• 3 eggs
  • ¼ cup sesame seeds
  • ½ cup coconut palm sugar

Directions

    1. Preheat oven to 350 degrees Fahrenheit, and grease a cookie sheet.
    2. In a small pot, melt cashew butter and coconut oil over low heat, and set aside.
    3. In a large bowl, mix sesame seeds, coconut, rolled oats, and hazelnut flour.
    4. In another bowl, whisk sugar and eggs. Add melted oil mixture and mix well.
    5. Add the wet ingredients to the dry ingredients, and stir until it’s all mixed well.
    6. Form one-inch balls and arrange about two inches apart on the cookie sheet, and flatten with a fork.
    7. Bake for 10 to 12 minutes, or until golden brown. Transfer for cooling, then enjoy!

Should Oats/Oatmeal Be in a Gluten Free Diet?

Do oats have gluten, and is oatmeal gluten free? Hopefully it’s now clear that oats are naturally free from gluten, although they are at risk of being contaminated with gluten grains such as wheat. There are several benefits to including oats in a gluten free diet. Just make sure you look for oat products that are labeled as certified gluten free, to ensure that they are uncontaminated; it’s fairly easy to find such products in your local grocery store or online.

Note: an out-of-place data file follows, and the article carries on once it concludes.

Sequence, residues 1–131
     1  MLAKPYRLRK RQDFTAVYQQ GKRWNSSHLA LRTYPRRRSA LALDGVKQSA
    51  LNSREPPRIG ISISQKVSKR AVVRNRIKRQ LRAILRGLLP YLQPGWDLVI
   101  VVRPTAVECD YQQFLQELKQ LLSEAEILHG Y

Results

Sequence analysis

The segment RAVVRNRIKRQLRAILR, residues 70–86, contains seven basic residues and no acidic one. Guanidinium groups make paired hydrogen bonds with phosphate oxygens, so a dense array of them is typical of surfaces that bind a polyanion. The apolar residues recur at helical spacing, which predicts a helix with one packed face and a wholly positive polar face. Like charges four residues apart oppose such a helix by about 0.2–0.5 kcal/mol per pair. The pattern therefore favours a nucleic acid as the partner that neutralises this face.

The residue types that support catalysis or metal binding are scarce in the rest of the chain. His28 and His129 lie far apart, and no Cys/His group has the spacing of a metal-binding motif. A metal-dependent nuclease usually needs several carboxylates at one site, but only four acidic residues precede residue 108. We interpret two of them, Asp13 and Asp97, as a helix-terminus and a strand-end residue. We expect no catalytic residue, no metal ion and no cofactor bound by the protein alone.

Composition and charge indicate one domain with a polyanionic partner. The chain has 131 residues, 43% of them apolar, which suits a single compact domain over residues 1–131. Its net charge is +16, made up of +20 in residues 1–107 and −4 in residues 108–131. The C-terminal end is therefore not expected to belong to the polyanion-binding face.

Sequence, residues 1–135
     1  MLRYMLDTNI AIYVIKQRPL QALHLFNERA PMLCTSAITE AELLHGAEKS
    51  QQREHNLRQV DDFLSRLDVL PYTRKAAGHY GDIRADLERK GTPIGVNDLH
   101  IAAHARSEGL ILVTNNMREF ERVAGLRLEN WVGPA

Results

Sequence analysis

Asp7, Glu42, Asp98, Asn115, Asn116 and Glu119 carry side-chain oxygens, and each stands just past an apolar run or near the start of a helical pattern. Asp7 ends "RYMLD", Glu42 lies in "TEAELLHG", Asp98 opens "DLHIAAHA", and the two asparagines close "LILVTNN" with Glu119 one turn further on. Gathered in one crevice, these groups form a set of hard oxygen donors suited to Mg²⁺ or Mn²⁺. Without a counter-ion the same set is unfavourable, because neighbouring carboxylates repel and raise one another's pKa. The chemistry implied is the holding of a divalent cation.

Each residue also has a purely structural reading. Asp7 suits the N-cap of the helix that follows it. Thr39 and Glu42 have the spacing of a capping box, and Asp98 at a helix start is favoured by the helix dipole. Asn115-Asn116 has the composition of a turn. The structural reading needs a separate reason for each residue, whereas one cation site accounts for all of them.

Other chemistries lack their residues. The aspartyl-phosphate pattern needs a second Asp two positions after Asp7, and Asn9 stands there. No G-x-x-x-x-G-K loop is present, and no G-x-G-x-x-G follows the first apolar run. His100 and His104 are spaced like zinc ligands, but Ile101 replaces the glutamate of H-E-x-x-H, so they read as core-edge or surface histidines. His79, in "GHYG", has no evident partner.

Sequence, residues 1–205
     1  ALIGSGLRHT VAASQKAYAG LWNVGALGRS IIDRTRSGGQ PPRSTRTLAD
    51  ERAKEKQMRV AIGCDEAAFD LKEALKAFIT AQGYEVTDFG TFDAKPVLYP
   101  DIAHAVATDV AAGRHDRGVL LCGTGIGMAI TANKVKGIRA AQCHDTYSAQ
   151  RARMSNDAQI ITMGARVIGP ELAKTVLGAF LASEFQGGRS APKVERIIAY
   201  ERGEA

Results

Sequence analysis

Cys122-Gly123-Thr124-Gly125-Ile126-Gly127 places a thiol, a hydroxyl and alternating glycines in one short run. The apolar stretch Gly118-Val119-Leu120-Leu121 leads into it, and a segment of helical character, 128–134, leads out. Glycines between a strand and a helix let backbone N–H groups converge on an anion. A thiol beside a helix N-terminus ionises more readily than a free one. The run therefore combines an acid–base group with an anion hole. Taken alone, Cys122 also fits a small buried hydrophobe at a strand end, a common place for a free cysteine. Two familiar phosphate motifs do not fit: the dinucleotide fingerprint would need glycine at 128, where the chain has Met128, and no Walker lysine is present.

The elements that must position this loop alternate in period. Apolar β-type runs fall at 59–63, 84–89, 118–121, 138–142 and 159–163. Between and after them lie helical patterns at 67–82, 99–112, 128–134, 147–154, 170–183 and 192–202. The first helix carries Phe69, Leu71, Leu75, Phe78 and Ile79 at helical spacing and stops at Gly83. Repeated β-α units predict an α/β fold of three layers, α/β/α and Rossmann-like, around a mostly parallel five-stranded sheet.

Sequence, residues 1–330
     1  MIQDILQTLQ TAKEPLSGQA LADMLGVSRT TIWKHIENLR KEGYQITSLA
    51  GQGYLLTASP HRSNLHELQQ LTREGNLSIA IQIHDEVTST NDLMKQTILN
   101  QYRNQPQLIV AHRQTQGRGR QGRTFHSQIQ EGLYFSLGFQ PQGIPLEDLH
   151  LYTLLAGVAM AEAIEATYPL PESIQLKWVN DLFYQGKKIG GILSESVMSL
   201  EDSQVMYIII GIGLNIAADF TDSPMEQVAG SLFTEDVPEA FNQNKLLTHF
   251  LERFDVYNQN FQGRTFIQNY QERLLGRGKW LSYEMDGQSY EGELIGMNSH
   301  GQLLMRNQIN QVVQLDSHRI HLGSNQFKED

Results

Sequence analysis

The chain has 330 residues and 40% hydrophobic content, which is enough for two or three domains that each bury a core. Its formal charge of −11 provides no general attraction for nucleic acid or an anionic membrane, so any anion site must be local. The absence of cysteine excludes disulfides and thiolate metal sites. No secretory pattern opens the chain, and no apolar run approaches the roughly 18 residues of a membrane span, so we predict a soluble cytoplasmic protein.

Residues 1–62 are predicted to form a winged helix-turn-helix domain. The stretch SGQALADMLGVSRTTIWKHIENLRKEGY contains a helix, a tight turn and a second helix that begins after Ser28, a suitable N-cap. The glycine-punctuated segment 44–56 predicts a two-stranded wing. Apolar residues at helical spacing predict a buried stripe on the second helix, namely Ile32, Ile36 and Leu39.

Eating oats is an individual decision, especially since people may also react to avenin. It’s a good idea to visit your doctor, a dietician, an allergist, a naturopath, or a holistic nutritionist to help test your sensitivity to oats and see whether you can tolerate them. For those who can, enjoy your oats!

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Jon Yaneff, CNP

About the Author, Browse Jon's Articles

Jon Yaneff is a holistic nutritionist and health researcher with a background in journalism. After years of a hectic on-the-go, fast food-oriented lifestyle as a sports reporter, Jon knew his life needed a change. He began interviewing influential people in the health and wellness industry and incorporating beneficial health and wellness information into his own life. Jon’s passion for his health led him to the certified nutritional practitioner (CNP) program at the Institute of Holistic Nutrition. He graduated with first... Read Full Bio »